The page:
Leaders are servants first. In the work "Servant Leadership" by Robert Greenleaf, the author relates a story from Herman Hesse’s “Journey to the East.” A group of men employ a servant named Leo to guide them on an exploration of the jungle wilderness. Leo “sustains them with his spirit and his song” (2002:21). Leo disappears, most likely due to the way he has been treated by the group, and without his presence and strength, the group becomes lost and disorganized. Much later, one of the remaining explorers stumbles upon a group of thriving natives and he learns that “Leo whom he had known first as servant, was in fact the titular head of the Order, its guiding spirit, a great and noble leader” (2002: 21). The fact is that if you wanted to find a true leader, you would look for the servant. Leadership is about working to build up the lives and fortunes of those around you. This does not mean that you resign yourself to the life of a pauper. Wealth and/or power surely may and most likely will come to the servant leader, but these things are bi-products of leadership, not the aim. We leaders, like Leo, need to sustain and build those around us with our “spirit” and our “song.” I liken the spirit to the power of example, and I equate Leo’s song to the motivating influence of empowerment. Both having spirit and a song are integral qualities of effective leaders.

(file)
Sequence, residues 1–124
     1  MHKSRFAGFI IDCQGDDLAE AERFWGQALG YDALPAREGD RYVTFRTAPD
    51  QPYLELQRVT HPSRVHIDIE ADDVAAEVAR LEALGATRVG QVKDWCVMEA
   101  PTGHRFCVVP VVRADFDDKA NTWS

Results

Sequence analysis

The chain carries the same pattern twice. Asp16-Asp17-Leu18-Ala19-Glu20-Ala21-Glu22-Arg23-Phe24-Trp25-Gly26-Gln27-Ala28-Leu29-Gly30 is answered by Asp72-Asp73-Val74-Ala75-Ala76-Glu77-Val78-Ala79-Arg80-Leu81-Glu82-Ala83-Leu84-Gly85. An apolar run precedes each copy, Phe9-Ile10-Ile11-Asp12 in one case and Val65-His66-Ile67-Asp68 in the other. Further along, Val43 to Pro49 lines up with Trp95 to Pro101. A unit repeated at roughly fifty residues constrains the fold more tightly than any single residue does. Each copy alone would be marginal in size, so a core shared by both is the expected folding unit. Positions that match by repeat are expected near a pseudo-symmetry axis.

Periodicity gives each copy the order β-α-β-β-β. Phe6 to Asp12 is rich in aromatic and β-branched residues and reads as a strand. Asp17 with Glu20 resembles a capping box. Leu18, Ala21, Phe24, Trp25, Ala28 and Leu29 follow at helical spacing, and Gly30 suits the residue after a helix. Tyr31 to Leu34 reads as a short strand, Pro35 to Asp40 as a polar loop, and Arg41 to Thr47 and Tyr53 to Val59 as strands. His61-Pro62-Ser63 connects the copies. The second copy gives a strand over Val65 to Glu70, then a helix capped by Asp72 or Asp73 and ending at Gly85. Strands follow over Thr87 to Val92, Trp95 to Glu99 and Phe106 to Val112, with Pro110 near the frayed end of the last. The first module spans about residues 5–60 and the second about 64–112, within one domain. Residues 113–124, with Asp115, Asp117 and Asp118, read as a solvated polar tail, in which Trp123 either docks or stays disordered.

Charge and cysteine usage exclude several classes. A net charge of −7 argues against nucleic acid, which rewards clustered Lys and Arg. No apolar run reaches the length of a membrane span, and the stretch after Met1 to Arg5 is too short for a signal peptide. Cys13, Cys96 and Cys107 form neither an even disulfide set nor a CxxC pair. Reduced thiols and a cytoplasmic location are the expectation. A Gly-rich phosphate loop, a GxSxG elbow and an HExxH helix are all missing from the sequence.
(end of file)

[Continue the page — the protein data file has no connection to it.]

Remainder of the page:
We to must lead by example so others may want to follow. We can sustain others in our organization with our spirit of example. Managers who dream of being leaders, often erroneously believe that commanding and being demanding will get results. But commanding at what cost? Leadership gets the same results while at the same time builds relationships of trust and respect. It is about how we treat people and how we can help them find the best in themselves. We maintain standards and expectations, but in meeting those standards and expectations, we lift and unite, we do not tear down and demand.
History is replete with great men and women who did difficult things and suffered for them. In business and in life, people who avoid the difficult things rarely make anything of themselves and never make anything of anybody else. If we, like Leo in Hesse’s tale, have a “spirit” and a “song,” we can be leaders as we serve others, share our example, and empower those for whom we have responsibility. Then and only then we will be worthy to be called Leader.